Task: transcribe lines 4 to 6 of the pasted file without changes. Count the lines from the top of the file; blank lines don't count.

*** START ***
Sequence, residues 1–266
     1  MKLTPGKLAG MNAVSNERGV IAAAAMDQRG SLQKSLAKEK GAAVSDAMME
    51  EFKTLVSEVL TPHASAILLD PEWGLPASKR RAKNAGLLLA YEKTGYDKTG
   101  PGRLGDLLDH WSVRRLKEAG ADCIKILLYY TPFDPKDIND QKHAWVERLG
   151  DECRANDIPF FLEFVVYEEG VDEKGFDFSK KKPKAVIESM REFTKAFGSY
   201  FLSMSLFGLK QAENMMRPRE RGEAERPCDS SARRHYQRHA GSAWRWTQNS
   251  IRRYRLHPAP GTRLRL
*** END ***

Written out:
   101  PGRLGDLLDH WSVRRLKEAG ADCIKILLYY TPFDPKDIND QKHAWVERLG
   151  DECRANDIPF FLEFVVYEEG VDEKGFDFSK KKPKAVIESM REFTKAFGSY
   201  FLSMSLFGLK QAENMMRPRE RGEAERPCDS SARRHYQRHA GSAWRWTQNS